By Gladys Kong, originally for Forbes
Despite dominating the streaming industry since streaming was a thing, Netflix now faces some serious competition and may lose its title as the reigning leader in streaming video content. Part of the reason it may be relinquishing its crown is because Netflix is losing The Office, which will join NBC’s owned and operated streaming service, Peacock, in 2021.
The Office is not only the most popular licensed TV series on Netflix, but it’s reportedly the most popular series on the platform, period. The popularity of the series is largely due to the fact that the show focuses on the common experience of forging relationships at the workplace. The pandemic and transition to working from home has highlighted just how important those connections are.
Workers often take their office relationships for granted. The term “watercooler conversation” has a negative connotation. It’s used to describe workplace interactions that many people consider superficial and tedious — or painfully awkward, at worst.
Meanwhile, some managers actively discourage their workers from engaging in too much casual conversation because they think of it as a waste of time and a sign of slacking off.
The reality is that there’s incredible value in our casual office encounters, both from a mental health standpoint and a workplace productivity standpoint.
The vast majority of workers miss the workplace, however, according to a recent study conducted by career advancement website Glassdoor (via SHRM), and their top reason for wanting to go back to the office is they miss socializing with their co-workers and the benefits of in-person collaboration.
Whether you prefer the interactivity of the office or working from the comforts of your living room couch varies by personality and the type of work each person does. Software engineers, who require hours of intense solo work to finish their tasks, are more likely to prefer working remotely, while sales and marketing professionals, who are more collaborative in nature, tend to thrive better in a traditional office setting.
Research shows that all employees benefit from in-person interaction with their colleagues, regardless of their job or personality.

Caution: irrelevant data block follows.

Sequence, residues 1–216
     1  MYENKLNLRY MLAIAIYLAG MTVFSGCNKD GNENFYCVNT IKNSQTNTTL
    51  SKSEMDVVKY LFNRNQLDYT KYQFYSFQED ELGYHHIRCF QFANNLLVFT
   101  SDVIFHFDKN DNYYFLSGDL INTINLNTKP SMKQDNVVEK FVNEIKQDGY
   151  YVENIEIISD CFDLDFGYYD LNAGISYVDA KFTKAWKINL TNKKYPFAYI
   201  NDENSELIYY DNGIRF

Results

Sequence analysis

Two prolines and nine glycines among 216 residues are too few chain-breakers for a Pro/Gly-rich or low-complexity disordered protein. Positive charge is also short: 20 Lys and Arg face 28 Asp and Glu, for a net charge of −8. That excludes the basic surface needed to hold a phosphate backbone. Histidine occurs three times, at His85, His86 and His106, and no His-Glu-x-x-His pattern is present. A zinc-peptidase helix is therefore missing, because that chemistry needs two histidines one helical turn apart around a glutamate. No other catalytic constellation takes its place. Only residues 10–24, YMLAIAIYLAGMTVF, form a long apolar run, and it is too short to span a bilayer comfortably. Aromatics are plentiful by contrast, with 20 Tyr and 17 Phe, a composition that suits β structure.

Take, for instance, Bank of America, which used to have its customer service representatives take lunch at different times to avoid having a shortage of people fielding customer service complaints. But an audit of the company’s operations showed that productivity increased when employees ate lunch together and socialized with one another. Workers were happier, and that translated to better performance on the job. The same rule applies to software developers and other jobs that require lots of solo work, according to Humanyze, the consultancy that conducted the audit.
We get these casual interactions all the time when we’re in the office — when we ride the elevator up to our office floor, when we refill our coffee, when we see someone in the hallway on our way to grab more staples. It’s impossible to duplicate these chance encounters when everyone is working from home.
It’s likely we won’t see a return to normal office life for six months (and that’s an optimistic guess). We have to find ways to induce casual interactions using technology. Zoom happy hours are commonplace now, but jumping into a companywide Zoom call can be daunting for any introverts on staff. Instead, companies should schedule casual small-group teleconferences.
Managers should schedule nonchalant one-on-ones with their workers — meetings that don’t involve any performance reviews but are a chance to chat off the cuff. Teams within the organization should meet on their own or in groups of two to three. And casual phone calls between senior-level management and entry- to midlevel employees should be encouraged so as to increase communication and cohesion across the entire organization.
The Office is iconic because it touches upon a universal truth for people with white-collar office jobs: The office is a sort of a haven from the stresses of our personal lives, and when you work at a place long enough, your co-workers can become something of a second family.
Technology can’t recreate those real-life connections, but in the meantime, we can do our best to try.